« Reply #31 on: August 31, 2017, 09:14:33 PM »

... Is the contribution of one Basquiat really worth the life-time earnings of 10-20 leading scientists?...

Is that your inner Marxist speaking? ;)

GrahamBy

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Re: Extremely expensive art sells well, top 5 of 2017
« Reply #32 on: September 01, 2017, 05:39:25 AM »

Is that your inner Marxist speaking? ;)

Nah, my inner jealous scientist (Jealousy is the motor of historical analysis ;) )
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GrahamBy

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Re: Extremely expensive art sells well, top 5 of 2017
« Reply #33 on: September 01, 2017, 05:41:42 AM »

Yeah, that sounds illegal.  I would have a problem with that.

Not understanding how this would relate to people choosing to buy stuff with their own money though.  I am not following your analogy there.

Using the purchased art to avoid taxes means it is not "their own money."

Using the purchased art to launder money obtained through illegal acivity means it is not "their own money."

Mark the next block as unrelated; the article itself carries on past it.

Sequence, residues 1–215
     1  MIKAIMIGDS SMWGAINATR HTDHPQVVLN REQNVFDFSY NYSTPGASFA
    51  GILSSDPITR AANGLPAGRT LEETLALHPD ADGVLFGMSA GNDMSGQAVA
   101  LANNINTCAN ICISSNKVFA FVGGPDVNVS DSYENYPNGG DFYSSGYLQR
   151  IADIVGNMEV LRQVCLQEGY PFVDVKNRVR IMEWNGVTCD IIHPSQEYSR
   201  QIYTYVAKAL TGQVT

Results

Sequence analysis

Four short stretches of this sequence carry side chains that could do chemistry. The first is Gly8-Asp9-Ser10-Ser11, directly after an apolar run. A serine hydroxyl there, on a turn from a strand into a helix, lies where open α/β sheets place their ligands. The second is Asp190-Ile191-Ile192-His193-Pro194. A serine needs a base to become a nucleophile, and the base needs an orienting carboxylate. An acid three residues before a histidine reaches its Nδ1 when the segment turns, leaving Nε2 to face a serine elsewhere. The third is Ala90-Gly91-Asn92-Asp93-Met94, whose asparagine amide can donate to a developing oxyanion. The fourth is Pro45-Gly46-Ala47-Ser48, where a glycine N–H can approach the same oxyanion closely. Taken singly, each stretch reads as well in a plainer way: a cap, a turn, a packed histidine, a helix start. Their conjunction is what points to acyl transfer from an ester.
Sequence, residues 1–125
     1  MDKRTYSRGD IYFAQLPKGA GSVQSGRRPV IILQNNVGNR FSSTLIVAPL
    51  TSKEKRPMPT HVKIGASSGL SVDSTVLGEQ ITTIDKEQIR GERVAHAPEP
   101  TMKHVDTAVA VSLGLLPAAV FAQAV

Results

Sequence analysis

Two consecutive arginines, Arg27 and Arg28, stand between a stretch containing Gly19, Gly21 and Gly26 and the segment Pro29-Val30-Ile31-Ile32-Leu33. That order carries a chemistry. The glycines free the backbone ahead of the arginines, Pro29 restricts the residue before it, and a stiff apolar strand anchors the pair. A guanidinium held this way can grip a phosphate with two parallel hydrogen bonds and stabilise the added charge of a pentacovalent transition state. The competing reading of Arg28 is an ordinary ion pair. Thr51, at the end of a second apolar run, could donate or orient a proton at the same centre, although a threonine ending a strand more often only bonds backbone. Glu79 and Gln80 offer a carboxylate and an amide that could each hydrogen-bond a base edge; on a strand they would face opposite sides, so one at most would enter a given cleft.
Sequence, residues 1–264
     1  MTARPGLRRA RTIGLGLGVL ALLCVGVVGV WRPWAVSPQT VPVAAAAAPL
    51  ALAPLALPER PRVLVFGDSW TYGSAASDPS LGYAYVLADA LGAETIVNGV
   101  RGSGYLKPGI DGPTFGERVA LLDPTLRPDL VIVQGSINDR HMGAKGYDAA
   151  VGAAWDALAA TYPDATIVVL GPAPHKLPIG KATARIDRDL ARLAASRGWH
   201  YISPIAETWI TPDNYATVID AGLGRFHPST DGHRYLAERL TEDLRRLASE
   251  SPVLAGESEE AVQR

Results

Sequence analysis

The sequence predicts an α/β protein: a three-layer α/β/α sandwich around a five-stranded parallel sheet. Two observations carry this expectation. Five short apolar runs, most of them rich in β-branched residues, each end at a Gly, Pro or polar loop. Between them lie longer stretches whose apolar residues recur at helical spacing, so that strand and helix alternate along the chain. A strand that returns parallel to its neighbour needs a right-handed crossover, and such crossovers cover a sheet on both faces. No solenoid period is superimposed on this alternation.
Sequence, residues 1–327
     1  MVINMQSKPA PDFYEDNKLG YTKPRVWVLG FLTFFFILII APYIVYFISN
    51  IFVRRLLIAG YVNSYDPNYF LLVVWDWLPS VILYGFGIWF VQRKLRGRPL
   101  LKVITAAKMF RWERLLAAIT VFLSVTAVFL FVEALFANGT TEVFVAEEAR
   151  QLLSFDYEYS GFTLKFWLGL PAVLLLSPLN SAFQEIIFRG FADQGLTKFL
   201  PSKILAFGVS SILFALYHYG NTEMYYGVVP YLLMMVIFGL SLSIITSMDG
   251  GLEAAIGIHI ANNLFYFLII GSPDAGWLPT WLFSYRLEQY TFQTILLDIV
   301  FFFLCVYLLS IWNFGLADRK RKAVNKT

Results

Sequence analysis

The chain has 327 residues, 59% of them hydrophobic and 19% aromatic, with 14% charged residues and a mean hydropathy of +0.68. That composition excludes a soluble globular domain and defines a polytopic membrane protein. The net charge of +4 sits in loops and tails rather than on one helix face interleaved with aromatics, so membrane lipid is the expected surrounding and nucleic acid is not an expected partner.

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GrahamBy

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Re: Extremely expensive art sells well, top 5 of 2017
« Reply #34 on: September 01, 2017, 05:45:56 AM »

Art has filled the space left by religion. Science does not have much to offer here.

You mean in the tradition of a wealthy elite using invented myths to take money from the poor?

Art at least usually leaves the poor alone, except for motivating naive artists to believe they can one day make it big on the strength of their talent.

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elliot_n

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Re: Extremely expensive art sells well, top 5 of 2017
« Reply #35 on: September 01, 2017, 07:58:17 AM »

I mean that people turn to art for spiritual nourishment once god has left the building; our galleries are packed, whilst our churches are empty (at least here in the UK).

For this art to be made, we need art schools and art markets.